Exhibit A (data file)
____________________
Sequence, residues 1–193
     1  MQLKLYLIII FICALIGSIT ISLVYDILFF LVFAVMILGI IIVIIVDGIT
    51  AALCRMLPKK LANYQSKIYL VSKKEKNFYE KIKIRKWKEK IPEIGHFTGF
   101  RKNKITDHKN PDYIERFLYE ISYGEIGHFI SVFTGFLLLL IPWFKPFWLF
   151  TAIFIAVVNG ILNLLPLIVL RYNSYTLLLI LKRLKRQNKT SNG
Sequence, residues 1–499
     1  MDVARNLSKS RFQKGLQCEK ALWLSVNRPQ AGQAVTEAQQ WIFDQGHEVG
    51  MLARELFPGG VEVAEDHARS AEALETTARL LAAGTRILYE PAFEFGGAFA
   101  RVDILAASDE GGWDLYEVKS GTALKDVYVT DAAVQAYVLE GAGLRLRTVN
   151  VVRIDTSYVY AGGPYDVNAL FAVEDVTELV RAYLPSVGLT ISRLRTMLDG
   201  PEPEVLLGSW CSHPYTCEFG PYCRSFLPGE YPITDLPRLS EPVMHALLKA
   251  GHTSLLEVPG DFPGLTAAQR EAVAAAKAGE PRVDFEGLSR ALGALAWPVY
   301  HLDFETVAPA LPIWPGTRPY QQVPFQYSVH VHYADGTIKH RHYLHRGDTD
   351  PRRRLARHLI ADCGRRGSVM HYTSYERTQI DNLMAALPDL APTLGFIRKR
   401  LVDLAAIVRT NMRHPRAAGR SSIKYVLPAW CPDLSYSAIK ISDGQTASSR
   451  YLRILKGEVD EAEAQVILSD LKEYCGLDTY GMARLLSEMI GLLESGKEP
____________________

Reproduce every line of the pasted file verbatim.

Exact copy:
Sequence, residues 1–193
     1  MQLKLYLIII FICALIGSIT ISLVYDILFF LVFAVMILGI IIVIIVDGIT
    51  AALCRMLPKK LANYQSKIYL VSKKEKNFYE KIKIRKWKEK IPEIGHFTGF
   101  RKNKITDHKN PDYIERFLYE ISYGEIGHFI SVFTGFLLLL IPWFKPFWLF
   151  TAIFIAVVNG ILNLLPLIVL RYNSYTLLLI LKRLKRQNKT SNG
Sequence, residues 1–499
     1  MDVARNLSKS RFQKGLQCEK ALWLSVNRPQ AGQAVTEAQQ WIFDQGHEVG
    51  MLARELFPGG VEVAEDHARS AEALETTARL LAAGTRILYE PAFEFGGAFA
   101  RVDILAASDE GGWDLYEVKS GTALKDVYVT DAAVQAYVLE GAGLRLRTVN
   151  VVRIDTSYVY AGGPYDVNAL FAVEDVTELV RAYLPSVGLT ISRLRTMLDG
   201  PEPEVLLGSW CSHPYTCEFG PYCRSFLPGE YPITDLPRLS EPVMHALLKA
   251  GHTSLLEVPG DFPGLTAAQR EAVAAAKAGE PRVDFEGLSR ALGALAWPVY
   301  HLDFETVAPA LPIWPGTRPY QQVPFQYSVH VHYADGTIKH RHYLHRGDTD
   351  PRRRLARHLI ADCGRRGSVM HYTSYERTQI DNLMAALPDL APTLGFIRKR
   401  LVDLAAIVRT NMRHPRAAGR SSIKYVLPAW CPDLSYSAIK ISDGQTASSR
   451  YLRILKGEVD EAEAQVILSD LKEYCGLDTY GMARLLSEMI GLLESGKEP